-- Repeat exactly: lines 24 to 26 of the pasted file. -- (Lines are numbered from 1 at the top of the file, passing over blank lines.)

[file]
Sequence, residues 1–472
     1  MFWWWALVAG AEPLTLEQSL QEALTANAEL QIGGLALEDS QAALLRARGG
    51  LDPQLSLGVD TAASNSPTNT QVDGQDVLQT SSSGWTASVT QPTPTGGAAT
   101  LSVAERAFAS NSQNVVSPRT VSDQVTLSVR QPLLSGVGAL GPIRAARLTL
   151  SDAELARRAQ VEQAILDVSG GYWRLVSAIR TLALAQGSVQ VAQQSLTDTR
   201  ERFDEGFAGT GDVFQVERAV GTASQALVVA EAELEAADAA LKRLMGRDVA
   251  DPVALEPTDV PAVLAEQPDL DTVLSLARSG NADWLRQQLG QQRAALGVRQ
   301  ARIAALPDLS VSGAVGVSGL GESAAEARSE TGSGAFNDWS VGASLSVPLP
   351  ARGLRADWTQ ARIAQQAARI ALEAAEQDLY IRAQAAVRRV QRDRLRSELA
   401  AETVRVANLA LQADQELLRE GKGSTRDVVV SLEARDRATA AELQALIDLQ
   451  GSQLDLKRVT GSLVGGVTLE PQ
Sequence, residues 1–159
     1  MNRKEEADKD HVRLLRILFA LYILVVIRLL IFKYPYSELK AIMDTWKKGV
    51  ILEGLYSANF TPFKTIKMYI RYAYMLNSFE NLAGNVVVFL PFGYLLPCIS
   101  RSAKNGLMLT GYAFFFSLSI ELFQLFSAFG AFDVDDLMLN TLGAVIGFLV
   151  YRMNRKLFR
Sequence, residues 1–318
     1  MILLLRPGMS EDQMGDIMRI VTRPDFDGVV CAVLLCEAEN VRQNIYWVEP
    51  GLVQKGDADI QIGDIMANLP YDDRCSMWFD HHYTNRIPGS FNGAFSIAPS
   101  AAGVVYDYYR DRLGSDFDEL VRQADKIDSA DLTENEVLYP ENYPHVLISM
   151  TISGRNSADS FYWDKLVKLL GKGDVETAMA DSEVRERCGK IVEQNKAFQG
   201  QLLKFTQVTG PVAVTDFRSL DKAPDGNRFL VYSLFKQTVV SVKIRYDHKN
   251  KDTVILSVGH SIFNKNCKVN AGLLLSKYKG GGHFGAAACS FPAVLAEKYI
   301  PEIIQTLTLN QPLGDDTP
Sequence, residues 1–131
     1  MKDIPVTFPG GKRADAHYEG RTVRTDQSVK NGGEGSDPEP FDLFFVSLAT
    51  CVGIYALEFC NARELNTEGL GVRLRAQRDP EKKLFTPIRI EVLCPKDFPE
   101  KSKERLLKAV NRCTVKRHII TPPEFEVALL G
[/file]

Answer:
   301  PEIIQTLTLN QPLGDDTP
Sequence, residues 1–131
     1  MKDIPVTFPG GKRADAHYEG RTVRTDQSVK NGGEGSDPEP FDLFFVSLAT